In a first-of-its-kind study published in the Journal of the American Geriatrics Society, researchers calculated that infectious diseases account for 13.5 percent of emergency room (ER) visits involving older adults--a higher percentage than ER visits for heart attacks and congestive heart failure combined. Infectious diseases are those that can be passed from person-to-person and caused by viruses, bacteria, or parasites.
In their study, researchers examined claims data involving some 134 million ER visits and focused on those made by adults aged 65 and older. Here's what they learned:
- Lower respiratory tract infections, such as pneumonia, account for 26 percent of all ER visits for infectious diseases. They also accounted for 15 percent of the infectious disease-related deaths during ER visits and hospitalizations.
- Pneumonia alone accounts for 17.5 percent of ER visits.
- Septicemia, a serious blood infection, accounted for 32 percent of infectious disease-related hospitalizations and 75 percent of infectious disease-related deaths during ER visits and hospitalizations.
- People age 85 and older have the highest rate of ER visits for infectious diseases.
The data the researchers examined included more than 3 million ER visits related to infectious diseases. The researchers reported that 57 percent of those visits resulted in hospitalizations; for people aged 85 and older, the rate of hospitalizations was even higher at 66.5 percent.
While infectious disease-related issues are serious, the researchers remain cautiously optimistic that some infectious disease-related ER visits and hospitalizations can be prevented. For example, they noted that roughly 40 percent of older adults do not receive the pneumococcal vaccine, which helps prevent pneumonia, and about one-third of older adults do not receive the influenza vaccine, another tool that can help prevent unnecessary health risks associated with the flu.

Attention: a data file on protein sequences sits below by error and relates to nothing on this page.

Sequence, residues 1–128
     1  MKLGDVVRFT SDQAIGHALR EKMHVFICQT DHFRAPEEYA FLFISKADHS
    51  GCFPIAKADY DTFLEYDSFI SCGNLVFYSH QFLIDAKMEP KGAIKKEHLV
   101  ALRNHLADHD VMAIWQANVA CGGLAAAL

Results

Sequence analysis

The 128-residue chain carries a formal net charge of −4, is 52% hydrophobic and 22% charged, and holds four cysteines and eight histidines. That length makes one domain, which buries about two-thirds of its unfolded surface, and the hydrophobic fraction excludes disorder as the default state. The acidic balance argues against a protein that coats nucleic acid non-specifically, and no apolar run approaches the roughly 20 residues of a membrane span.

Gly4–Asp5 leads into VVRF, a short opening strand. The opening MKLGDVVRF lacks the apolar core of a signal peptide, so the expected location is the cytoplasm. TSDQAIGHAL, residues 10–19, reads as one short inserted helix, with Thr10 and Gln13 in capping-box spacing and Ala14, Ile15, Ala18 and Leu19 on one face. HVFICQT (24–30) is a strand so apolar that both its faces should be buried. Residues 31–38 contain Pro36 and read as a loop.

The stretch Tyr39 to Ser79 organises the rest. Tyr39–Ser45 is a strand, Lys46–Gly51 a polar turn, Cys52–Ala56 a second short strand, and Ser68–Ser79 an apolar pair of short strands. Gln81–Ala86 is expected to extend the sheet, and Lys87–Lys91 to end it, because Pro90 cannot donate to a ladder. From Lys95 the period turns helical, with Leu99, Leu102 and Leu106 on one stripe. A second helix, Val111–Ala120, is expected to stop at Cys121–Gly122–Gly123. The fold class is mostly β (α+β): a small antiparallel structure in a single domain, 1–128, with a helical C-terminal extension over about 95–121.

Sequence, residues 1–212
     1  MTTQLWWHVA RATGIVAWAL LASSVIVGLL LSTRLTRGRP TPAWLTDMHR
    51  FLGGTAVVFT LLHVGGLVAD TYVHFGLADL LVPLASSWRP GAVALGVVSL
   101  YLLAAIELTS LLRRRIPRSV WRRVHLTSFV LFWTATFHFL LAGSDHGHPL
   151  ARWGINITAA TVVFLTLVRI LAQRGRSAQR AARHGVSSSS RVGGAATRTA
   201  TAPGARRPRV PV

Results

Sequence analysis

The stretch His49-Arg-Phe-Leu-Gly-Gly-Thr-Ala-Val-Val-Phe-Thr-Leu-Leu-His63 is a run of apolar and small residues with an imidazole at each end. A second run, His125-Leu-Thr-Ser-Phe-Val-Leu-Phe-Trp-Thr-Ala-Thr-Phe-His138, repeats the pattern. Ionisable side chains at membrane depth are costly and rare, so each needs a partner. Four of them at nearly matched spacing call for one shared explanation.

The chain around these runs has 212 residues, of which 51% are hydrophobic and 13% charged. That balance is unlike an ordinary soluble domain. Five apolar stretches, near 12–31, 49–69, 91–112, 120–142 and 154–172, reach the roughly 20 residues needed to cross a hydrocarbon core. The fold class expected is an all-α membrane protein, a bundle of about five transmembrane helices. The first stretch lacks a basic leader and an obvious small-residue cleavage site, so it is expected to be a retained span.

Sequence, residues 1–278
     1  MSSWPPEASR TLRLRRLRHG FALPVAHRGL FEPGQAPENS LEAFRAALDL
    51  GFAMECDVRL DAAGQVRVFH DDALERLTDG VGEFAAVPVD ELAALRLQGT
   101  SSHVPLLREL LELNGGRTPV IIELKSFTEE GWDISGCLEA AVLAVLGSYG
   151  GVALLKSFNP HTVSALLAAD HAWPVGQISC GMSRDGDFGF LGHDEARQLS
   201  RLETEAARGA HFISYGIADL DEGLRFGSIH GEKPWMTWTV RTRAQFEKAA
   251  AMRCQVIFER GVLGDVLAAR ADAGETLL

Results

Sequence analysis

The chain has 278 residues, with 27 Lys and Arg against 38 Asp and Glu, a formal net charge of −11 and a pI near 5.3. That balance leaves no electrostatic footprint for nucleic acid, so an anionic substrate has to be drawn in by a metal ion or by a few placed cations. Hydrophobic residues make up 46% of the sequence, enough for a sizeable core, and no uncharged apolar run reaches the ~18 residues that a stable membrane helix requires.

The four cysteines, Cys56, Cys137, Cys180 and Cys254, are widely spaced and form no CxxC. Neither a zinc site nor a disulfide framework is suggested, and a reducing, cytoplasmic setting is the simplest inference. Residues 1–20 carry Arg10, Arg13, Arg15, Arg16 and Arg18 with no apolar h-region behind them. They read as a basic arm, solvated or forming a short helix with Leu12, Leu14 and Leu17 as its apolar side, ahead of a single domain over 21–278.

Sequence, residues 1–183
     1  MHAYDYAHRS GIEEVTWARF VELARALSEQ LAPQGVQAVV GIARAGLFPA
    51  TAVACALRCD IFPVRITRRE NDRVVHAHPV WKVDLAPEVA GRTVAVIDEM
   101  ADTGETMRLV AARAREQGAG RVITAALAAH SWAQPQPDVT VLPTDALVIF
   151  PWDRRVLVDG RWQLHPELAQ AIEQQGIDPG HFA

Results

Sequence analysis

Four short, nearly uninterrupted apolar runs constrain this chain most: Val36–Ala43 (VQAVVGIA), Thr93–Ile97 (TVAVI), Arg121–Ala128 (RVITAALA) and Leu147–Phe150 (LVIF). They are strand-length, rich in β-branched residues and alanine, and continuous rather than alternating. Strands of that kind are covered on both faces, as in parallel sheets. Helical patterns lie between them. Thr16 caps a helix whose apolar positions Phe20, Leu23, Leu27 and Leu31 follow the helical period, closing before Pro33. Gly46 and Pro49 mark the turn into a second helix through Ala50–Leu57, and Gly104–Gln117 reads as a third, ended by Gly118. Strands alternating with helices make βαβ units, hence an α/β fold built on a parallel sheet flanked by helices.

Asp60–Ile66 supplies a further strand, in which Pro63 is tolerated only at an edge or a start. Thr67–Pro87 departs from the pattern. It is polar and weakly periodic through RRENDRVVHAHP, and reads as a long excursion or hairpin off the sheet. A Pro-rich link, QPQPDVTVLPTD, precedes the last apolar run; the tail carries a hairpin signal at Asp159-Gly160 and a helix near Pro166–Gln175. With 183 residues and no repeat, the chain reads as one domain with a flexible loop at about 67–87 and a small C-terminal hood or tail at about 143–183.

This summary is from "Infectious Disease-related Emergency Department Visits Among the Elderly in the United States, 2011-2012." It appears online ahead of print in the January 2016 issue of the Journal of the American Geriatrics Society. The study authors are Tadahiro Goto, MD; Kazuki Yoshida, MD, MPH; Yusuke Tsugawa, MD, MPH; Carlos A. Camargo, Jr. MD, DrPH; Kohei Hasegawa, MD, MPH.
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This research summary was developed as a public education tool by the Health in Aging Foundation. The Foundation is a national non-profit established in 1999 by the American Geriatrics Society to bring the knowledge and expertise of geriatrics healthcare professionals to the public. We are committed to ensuring that people are empowered to advocate for high-quality care by providing them with trustworthy information and reliable resources. Last year, we reached nearly 1 million people with our resources through HealthinAging.org. We also help nurture current and future geriatrics leaders by supporting opportunities to attend educational events and increase exposure to principles of excellence on caring for older adults. For more information or to support the Foundation's work, visit http://www.